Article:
Indeed the communal award was the British technique to divide both the mind and land of India. During the height of the British Empire , they employed this strategy in so many regions across the globe. This was their trademark tactic: Divide and rule. To achieve this in India, they injected the communal award to create social unrest.

In His various discourses, Baba opposes the communal award which caused the division of India. Baba furthermore states that if Gandhi had not accepted the communal award and instead started an economic justice movement for all Indians, then India would not have been divided – neither mentally nor based on land.

Baba says, “In this fight for independence, the Indian leaders committed a blunder. They should have engaged themselves in an economic fight instead of starting a political movement. The British took advantage of this blunder of the Indian leaders. They got the opportunity to divide India into two parts. They infused in the Muslims the idea that the Hindus formed the majority, and that therefore if the British quit India the government would naturally go into the hands of the Hindus, and the Muslims of the whole of India would remain as their subjects.” (To The Patriots)

Baba also points out that an economic-based movement would have certainly brought political sovereignty as well.

Baba says, “The fight for economic independence would have brought political independence also. There might have been some delay in it, but political independence would have surely come.” (To The Patriots)

But the leaders of the day – Nehru, Jinnah, & Patel – did not want to wait. They wanted political power immediately. And Gandhi did not oppose their wish. So they accepted the communal award in order to start ruling and finally they accepted the partition of India to quickly get more power.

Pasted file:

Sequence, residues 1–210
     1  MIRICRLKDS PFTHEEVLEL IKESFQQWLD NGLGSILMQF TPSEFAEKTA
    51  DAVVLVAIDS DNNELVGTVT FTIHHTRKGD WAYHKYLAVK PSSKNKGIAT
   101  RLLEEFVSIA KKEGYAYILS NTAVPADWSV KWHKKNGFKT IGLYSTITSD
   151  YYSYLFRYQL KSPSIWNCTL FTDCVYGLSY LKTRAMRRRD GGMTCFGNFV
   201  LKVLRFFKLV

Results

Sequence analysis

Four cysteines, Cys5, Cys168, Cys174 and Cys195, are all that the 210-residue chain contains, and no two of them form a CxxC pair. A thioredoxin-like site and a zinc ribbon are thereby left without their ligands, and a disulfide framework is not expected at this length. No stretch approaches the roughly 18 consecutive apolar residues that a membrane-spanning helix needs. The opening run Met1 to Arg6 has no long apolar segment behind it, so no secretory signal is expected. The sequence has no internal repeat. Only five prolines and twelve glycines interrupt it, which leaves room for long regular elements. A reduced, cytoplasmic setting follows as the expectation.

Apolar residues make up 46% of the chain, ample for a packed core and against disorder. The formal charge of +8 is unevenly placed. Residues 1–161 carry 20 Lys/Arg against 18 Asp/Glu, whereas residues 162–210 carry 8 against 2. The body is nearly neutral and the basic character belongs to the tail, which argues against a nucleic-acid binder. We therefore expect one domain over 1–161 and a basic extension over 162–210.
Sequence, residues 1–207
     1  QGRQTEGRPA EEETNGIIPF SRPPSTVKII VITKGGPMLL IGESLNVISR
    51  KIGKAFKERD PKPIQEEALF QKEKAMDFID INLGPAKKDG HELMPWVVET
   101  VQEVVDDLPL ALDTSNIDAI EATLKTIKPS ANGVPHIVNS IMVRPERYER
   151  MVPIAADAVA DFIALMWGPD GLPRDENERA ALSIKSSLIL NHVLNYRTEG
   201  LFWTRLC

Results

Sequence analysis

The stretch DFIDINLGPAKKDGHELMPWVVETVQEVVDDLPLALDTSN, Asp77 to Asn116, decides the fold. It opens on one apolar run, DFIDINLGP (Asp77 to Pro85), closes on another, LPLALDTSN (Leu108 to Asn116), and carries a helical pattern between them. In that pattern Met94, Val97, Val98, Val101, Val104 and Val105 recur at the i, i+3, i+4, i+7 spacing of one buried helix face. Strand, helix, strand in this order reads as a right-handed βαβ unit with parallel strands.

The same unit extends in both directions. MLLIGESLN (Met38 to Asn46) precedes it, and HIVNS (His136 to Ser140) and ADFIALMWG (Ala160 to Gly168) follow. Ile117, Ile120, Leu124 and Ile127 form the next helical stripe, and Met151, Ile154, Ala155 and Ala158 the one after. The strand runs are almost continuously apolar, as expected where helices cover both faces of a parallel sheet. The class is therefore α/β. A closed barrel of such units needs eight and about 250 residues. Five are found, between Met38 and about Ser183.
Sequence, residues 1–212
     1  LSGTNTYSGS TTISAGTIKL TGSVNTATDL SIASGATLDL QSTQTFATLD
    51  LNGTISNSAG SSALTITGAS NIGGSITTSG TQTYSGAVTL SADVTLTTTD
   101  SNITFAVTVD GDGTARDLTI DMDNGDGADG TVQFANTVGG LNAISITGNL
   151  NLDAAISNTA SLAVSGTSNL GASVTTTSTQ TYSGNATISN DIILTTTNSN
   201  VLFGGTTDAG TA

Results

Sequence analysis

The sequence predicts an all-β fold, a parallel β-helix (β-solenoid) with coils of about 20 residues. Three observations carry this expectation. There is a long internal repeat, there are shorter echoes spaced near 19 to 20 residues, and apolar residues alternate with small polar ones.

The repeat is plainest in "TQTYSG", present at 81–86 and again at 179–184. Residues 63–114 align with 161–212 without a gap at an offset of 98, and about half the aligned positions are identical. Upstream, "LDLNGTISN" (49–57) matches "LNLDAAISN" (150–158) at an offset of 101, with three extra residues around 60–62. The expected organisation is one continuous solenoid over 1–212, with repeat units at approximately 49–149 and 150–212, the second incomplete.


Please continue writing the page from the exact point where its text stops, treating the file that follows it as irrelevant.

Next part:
WHY TRUTH WAS NOT PUBLICIZED

So why has this side of the story not been told on a mass scale. Because special interest groups – like capitalists and the western powers – did not want the truth about Mahatma Gandhi to be known. MK Gandhiji was their tool as the socio-economico-politico beliefs of Gandhism goes in the favour of capitalists. So such capitalists want to make Gandhi into a hero. That is the main reason why this history about Gandhi and the communal award has not been truthfully told. Rather it got distorted and covered up. In the west Gandhi is treated as a hero and something divine. And in India the same respect and honor towards MK Gandhi is propagated by the government. But the truth is this.

Note: Those interested in learning more about this can read Baba’s book, “To The Patriots” and His discourse, “The Dangers of Communalism”. Since the discourse, “The Dangers of Communalism”, is very condensed, to enhance your understanding of the partition of India, please read excerpts from this below article by noted journalist, Rajinder Puri. Thereafter excerpts of Baba’s discourse is also noted as well as Baba’s full discourse.

EXCERPTS FROM “MAHATMA GANDHI’S ASSASSINATION

by Rajinder Puri

“On June 3 1947 the Congress Working Committee passed the resolution accepting the Partition of India. There was communal tension but no communal riots to speak of in Punjab. Gandhi observed “maun vrat” (day of silence) on that occasion. He was reportedly isolated by Nehru and Patel and was unhappy. Mountbatten visited him and said he hoped that Gandhi would not oppose the Partition under the Mountbatten Plan. Mountbatten also noted that he was surprised that Gandhi should have observed his day of silence on such a crucial occasion. Gandhi wrote on a scrap of paper his reply: “Have I ever opposed you?” Mountbatten preserved that paper as historical evidence and it is still there in the Mountbatten papers.”

“The riots that escalated after Independence brought about the biggest transfer of populations in recorded history. [Those] who opted to stay on in Pakistan, along with millions of Hindus, were forced to flee to India. An estimated million people were slaughtered in the engineered riots while the police and army stood aside. Over ten million were rendered homeless as they fled their homes to uncharted territory to become refugees.”

“Gandhi became restive and realized his blunder in compromising. He started plans to undo his mistake. The intelligence that kept watch on all activities in Birla House, where Gandhi stayed, was aware of his unhappiness. That is why Mountbatten met Gandhi and advised him not to oppose the Partition. By doing so he would harm the future of Nehru and Patel who were his creations and disciples.”

GANDHI’S DESIRE TO SETTLE DOWN IN PAKISTAN

“Gandhi had already written to Jinnah about his desire to settle down in Pakistan. Jinnah said Gandhi was most welcome and invited him to come to Karachi. But Gandhi decided to travel by road to Lahore and settle down there. Plans were finalized for Gandhi and the fifty families to start their journey to Lahore on February 14, 1948. Exactly one fortnight earlier Godse assassinated Gandhi.”

“The demands for truth about Netaji Subhash Bose are still resonating.”

EXCERPT FROM BABA’S DISCOURSE:

“THE DANGERS OF COMMUNALISM”